"Least privilege" is the No. 1 IT security mantra. It means, "Don't grant users permissions or privileges beyond the bare minimum they need to perform their assigned duties." Unfortunately, adhering to this mantra always has been easier said than done. Both Microsoft and third-party software vendors have attempted to ease the task, with some (but not complete) success.
For two decades in the Windows world, application developers were accustomed to users always being logged on as full-time administrators. Removing regular users from the built-in Administrators group proves among the most difficult tasks a security administrator can perform. Well, it's easy to do -- just remove the user from the Administrators group -- but the fallout from the operational aftermath has often forced well-meaning administrators to reverse course or to delay least-privilege implementations.
Microsoft upped the ante starting with Vista by implementing a least-privilege default process called User Account Control (UAC). When UAC is enabled and a user from one of 17 pre-defined elevated groups (such as Administrators, Domain Admins, Enterprise Admins), or one who has been assigned an elevated privilege (act as the operating system) logs on, Windows splits his or her single logon access token into two tokens: one standard and one elevated. By the default, the elevated user runs with the standard token most of the time, such as answering email and surfing the Web, and must be prompted to approve actions requiring the use of the elevated token. Although Microsoft (my full-time employer) would prefer that standard users never log on as elevated users while performing non-elevated tasks, UAC is seen as necessary evil.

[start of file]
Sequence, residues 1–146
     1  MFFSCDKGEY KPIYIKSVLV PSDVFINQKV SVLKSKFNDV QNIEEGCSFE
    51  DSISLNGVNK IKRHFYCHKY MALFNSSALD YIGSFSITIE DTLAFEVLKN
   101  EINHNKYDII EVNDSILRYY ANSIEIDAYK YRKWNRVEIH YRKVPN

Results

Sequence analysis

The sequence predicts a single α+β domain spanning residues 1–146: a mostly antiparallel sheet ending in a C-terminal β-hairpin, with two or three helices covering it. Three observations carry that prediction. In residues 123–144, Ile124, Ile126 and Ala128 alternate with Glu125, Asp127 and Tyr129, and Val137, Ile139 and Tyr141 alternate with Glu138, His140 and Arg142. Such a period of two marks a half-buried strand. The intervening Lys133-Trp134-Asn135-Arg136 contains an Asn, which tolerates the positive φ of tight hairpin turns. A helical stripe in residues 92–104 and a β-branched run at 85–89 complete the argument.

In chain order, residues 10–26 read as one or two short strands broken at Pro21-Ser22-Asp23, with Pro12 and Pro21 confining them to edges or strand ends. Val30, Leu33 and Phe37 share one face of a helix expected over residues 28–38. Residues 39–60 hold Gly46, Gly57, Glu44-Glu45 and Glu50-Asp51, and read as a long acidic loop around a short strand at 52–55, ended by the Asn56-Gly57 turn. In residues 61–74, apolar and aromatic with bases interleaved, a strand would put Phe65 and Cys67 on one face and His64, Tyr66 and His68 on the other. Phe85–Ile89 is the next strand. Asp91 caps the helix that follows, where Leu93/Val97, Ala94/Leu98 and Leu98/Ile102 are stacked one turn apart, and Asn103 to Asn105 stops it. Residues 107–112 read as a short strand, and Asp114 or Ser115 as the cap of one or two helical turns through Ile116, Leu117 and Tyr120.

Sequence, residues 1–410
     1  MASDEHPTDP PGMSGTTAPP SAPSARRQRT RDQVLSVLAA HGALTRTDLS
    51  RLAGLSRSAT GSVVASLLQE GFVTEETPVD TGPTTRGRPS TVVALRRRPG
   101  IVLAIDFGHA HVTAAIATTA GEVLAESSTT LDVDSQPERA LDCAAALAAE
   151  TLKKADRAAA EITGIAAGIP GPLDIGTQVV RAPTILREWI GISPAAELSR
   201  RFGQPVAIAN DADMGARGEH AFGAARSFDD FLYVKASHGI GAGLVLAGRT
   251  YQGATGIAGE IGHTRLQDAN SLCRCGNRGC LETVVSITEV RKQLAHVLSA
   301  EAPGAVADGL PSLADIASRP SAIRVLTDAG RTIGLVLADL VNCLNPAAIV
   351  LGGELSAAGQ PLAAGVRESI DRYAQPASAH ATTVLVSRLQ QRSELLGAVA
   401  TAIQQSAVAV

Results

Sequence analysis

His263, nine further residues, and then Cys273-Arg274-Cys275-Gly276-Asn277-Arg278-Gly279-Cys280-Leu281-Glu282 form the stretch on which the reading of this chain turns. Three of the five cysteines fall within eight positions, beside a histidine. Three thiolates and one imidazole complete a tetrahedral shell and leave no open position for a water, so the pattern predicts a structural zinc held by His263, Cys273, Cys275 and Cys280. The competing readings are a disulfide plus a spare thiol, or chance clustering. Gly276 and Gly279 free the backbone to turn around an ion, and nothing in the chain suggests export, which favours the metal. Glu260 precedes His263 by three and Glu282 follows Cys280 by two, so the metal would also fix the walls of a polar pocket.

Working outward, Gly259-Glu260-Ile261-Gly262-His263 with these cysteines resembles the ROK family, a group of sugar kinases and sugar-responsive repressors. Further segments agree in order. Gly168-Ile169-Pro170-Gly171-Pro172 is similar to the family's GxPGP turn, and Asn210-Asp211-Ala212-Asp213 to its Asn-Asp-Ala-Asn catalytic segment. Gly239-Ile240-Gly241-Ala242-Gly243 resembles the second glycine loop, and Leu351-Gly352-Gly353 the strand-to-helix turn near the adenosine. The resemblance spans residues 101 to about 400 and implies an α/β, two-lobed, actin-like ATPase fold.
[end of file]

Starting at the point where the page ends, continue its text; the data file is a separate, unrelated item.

Unfortunately, UAC is fairly binary in many of its actions. Whereas some UAC actions can be customized per user or per application, the most important functionality is global across the PC. The newness of UAC, coupled with the operational interruptions it can instigate, has caused many administrators to turn it off or seek more granular third-party least-privilege products.
I've had experience with many of these products, including those from BeyondTrust, Cyber-Ark, and Avecto. I've been very impressed with the products I've reviewed. I've found them to be very useful, feature-rich, and hard to exploit -- although the latter point was always true in the early versions. What I love most about these products is their ability to allow administrators to granularly define what programs, processes, or users can run. Once a policy is defined, all programs run seamlessly in the manner intended by the controlling administrator.